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Writing My Own Story, In My Own Terms

By Nazreen Fazal
My move, incidentally, took me from a Muslim-minority to Muslim-majority country and suddenly it was different. I found myself surrounded by women wearing the hijab, working as taxi drivers, receptionists, professors, bankers, doctors, vendors....I realized that here hijab was just another clothing and was not as enmeshed in politics as in other parts of the world.

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Who is Afraid of My Hijab?

By Safiya N.Y.
My first tryst with the outside world was school. And the curious reactions began from there. It seemed to me that an above average student believing in Muslim ideals cannot be accepted. Since they are intelligent and educated, they should conform to the ideals of the general ‘modern’ world. Only the uneducated, the backward and the uncouth maintain their religious beliefs, no matter how good-mannered and principled they are.

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Gazing at /in/and through the Pardah/Hijab

By Noorunnida M.
I still remember the day when I first wore the pardah to college. The conductor of the bus, who until that day used to flirtatiously ask for the ticket, mocked, “Where to thaatha (elderly Muslim lady)?” Until then, I was a ‘normal’ student of my college, but that day I became a girl infected with the epidemic of religious consciousness. Some were anxious that I wore pardah succumbing to compulsion imposed by my family.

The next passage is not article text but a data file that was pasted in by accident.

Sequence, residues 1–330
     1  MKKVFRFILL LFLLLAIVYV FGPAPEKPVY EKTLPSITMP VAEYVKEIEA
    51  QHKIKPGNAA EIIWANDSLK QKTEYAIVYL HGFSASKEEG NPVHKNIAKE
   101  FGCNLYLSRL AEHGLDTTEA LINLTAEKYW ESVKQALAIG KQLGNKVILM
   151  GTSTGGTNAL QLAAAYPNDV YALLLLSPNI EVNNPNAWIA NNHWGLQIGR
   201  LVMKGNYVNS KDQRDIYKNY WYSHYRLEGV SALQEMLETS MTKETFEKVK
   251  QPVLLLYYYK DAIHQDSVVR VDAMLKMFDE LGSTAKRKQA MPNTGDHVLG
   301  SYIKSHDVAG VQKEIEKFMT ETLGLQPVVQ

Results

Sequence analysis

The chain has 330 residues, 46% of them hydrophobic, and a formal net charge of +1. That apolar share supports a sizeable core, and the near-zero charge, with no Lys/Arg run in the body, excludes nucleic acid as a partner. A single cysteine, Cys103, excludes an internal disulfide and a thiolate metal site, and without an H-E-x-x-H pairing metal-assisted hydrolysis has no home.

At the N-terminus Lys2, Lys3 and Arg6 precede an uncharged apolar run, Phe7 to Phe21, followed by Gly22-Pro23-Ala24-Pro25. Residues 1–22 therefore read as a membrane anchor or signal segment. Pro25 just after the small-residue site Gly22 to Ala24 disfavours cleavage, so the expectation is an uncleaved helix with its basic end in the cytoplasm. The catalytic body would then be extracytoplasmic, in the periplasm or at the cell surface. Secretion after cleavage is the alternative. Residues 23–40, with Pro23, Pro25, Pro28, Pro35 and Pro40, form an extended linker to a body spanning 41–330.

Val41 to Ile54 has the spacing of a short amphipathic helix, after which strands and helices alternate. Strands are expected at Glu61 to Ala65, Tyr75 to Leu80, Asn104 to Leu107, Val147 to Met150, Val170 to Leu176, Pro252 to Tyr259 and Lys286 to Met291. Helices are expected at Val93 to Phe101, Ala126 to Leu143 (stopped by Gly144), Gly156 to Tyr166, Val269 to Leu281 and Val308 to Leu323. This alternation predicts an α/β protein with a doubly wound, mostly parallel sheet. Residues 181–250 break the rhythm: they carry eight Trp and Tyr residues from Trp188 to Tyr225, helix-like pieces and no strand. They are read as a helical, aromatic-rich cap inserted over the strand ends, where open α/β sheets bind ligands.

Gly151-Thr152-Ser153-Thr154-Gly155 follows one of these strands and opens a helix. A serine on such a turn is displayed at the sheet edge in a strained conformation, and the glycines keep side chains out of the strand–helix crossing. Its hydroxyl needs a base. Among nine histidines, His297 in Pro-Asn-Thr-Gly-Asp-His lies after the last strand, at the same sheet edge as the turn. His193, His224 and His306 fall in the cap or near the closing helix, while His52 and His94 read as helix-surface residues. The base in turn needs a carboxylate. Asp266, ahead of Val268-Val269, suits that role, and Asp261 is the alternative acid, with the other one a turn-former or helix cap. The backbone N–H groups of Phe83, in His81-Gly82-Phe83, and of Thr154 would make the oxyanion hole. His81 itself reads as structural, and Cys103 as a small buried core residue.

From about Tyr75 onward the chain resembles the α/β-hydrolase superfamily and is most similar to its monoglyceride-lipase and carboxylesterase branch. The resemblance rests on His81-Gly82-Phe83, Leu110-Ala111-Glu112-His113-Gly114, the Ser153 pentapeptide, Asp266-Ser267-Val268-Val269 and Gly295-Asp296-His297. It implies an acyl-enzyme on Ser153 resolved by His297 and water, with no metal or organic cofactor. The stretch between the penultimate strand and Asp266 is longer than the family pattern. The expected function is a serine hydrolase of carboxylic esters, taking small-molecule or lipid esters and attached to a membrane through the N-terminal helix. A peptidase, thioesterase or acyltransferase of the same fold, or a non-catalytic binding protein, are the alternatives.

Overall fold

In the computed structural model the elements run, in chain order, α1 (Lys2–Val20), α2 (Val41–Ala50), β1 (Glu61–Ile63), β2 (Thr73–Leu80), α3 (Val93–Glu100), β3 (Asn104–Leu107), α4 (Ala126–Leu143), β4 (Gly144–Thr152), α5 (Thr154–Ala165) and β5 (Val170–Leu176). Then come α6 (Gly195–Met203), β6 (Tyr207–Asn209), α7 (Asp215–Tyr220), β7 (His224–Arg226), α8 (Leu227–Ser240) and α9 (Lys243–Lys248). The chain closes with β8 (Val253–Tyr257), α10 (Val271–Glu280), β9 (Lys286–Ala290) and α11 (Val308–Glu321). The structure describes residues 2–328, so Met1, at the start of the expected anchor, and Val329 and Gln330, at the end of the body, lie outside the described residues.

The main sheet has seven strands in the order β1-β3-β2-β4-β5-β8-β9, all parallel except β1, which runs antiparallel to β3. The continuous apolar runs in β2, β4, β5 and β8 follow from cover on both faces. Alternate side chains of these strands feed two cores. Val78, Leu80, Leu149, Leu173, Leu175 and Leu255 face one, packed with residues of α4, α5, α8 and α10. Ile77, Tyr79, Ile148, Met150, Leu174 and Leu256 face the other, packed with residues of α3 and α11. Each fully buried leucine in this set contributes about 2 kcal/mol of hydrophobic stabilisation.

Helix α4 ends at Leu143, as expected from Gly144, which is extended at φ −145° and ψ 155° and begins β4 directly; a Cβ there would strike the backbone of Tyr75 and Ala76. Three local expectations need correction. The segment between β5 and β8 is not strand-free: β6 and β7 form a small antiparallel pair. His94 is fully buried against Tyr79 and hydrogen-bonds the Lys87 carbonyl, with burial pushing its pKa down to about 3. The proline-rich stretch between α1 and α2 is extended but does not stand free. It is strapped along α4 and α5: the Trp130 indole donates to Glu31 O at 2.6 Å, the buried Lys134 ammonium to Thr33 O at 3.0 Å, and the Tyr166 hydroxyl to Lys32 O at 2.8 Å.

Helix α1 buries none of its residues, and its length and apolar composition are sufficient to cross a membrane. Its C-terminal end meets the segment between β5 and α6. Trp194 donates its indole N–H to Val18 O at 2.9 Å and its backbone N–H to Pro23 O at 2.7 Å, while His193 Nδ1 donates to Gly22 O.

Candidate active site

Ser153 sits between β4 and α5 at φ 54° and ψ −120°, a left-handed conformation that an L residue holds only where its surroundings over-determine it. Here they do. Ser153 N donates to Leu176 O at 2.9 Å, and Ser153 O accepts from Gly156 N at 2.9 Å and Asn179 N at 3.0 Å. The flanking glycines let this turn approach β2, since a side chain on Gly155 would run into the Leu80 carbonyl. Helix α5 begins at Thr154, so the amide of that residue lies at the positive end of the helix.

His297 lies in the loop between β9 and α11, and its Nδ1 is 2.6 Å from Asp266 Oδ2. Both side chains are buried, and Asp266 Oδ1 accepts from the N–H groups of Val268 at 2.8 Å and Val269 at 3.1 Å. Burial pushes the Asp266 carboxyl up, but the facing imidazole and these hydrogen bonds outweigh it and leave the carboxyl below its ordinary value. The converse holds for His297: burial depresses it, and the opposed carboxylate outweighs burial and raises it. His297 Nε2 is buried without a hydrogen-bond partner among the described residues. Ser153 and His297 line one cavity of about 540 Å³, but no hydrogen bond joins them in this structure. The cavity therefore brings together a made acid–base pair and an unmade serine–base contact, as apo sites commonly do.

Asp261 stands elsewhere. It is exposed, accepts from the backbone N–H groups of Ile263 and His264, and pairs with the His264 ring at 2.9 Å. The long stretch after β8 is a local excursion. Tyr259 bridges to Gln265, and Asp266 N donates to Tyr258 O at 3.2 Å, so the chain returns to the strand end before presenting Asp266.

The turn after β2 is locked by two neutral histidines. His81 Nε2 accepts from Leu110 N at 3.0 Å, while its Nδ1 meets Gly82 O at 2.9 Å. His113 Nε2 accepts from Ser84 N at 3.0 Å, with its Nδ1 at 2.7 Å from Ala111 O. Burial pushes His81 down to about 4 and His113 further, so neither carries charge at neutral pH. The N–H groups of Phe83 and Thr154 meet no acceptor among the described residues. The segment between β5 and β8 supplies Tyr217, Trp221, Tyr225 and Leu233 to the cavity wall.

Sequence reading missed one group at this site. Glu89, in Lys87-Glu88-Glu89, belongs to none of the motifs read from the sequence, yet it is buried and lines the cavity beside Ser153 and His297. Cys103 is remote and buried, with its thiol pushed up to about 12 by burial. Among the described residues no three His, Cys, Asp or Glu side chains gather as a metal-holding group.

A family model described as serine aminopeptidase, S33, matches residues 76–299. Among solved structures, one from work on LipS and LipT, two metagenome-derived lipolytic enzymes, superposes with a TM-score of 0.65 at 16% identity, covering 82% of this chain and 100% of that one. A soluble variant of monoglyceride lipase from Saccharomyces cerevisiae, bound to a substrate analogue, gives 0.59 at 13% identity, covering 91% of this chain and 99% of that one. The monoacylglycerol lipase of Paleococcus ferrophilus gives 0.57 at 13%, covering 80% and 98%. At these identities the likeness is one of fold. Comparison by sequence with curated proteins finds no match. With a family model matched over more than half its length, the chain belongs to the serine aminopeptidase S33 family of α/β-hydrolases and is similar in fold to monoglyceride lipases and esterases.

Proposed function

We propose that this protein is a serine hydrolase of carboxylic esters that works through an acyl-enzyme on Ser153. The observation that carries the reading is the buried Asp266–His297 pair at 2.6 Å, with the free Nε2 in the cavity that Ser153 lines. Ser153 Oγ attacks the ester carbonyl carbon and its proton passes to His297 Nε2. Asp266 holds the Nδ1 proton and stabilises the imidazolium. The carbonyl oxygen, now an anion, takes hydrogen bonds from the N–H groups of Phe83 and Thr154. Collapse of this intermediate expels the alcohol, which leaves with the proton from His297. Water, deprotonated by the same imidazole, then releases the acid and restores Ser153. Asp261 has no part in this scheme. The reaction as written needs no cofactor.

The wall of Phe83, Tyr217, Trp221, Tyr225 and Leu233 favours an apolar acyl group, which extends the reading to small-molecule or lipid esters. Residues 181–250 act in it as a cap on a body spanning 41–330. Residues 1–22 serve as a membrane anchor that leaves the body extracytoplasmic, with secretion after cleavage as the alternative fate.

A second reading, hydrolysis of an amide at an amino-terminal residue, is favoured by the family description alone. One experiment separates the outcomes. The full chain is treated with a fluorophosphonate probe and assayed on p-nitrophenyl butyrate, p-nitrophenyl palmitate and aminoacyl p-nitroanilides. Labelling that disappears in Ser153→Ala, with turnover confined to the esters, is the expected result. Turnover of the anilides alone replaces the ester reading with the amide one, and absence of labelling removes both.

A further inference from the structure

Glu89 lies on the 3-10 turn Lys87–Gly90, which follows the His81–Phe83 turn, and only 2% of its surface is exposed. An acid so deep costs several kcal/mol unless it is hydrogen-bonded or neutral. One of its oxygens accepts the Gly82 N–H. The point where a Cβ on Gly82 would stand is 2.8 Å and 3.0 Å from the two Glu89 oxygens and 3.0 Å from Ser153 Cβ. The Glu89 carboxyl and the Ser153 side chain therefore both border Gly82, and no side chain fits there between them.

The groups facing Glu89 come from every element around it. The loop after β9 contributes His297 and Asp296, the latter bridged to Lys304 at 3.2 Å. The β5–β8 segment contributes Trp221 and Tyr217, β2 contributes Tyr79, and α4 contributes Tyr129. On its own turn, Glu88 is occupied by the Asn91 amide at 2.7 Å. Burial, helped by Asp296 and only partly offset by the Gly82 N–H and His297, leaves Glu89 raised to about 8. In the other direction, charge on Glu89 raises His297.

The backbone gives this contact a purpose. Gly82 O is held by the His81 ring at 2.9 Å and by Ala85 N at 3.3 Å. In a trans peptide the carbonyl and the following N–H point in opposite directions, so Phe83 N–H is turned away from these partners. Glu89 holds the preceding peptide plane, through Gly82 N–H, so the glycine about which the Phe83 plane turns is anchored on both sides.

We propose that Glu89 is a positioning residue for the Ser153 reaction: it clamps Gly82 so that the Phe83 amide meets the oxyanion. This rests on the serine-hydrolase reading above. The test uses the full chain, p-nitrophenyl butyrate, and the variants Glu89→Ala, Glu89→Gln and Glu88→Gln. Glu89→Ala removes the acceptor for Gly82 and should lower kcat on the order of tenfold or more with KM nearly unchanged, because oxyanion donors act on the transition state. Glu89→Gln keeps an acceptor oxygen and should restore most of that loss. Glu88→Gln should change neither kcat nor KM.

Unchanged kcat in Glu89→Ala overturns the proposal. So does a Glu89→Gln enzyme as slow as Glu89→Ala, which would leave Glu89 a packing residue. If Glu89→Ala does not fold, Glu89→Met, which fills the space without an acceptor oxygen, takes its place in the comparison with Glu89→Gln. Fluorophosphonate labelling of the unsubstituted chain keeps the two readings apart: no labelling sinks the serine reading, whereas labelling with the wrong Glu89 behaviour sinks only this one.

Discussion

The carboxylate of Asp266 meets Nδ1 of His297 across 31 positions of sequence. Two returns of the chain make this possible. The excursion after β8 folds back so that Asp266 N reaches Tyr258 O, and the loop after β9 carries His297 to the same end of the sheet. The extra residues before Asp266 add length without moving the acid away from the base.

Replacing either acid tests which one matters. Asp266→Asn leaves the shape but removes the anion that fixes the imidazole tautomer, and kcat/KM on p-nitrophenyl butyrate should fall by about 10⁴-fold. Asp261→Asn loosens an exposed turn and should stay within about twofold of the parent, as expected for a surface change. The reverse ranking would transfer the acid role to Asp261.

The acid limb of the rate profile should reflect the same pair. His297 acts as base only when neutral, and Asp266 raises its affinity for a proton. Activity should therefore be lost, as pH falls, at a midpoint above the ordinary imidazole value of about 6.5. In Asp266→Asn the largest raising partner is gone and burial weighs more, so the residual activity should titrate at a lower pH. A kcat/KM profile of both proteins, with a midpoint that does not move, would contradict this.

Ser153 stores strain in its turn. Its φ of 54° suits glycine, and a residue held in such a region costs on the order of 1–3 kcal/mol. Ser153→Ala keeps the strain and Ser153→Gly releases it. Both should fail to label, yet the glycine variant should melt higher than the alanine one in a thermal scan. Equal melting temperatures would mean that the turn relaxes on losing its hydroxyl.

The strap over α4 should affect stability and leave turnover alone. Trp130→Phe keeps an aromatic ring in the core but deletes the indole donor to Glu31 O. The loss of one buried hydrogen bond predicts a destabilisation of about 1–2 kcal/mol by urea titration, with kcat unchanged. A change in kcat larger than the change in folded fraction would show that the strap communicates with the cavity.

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To Veil Or Not To Veil; That Is Not The Question!

By Minu Fathima
As a free thinking Muslim woman living at the crossroads of these multiple contexts, my initial skepticism over the veil was replaced by a decision to veil when I felt a desire to do so. To veil or not to veil is therefore a choice I exercise, but instead of viewing veiling and non-veiling as a pair opposites, I consider them as two different possibilities, each having its own meanings, contexts and above all, legitimacies. Neither do I see my veiled self as a walking prisoner begging the sympathy of a patronizing world, nor am I apologetic of my unveiled self as an unwrapped candy inviting male gaze.

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Hijab – how the narrative unfolds…

By Anila Basha
The western feminist notions of liberty and freedom prevent and, sometimes, openly accuse women wearing hijab as submissive. To some, hijab is a sign of blind adherence to patriarchy and never an act of self respect. This, in fact, is a false accusation because in truth the decision to follow an Islamic dress code is a choice that one makes through deep understanding of the Quran and Islamic culture.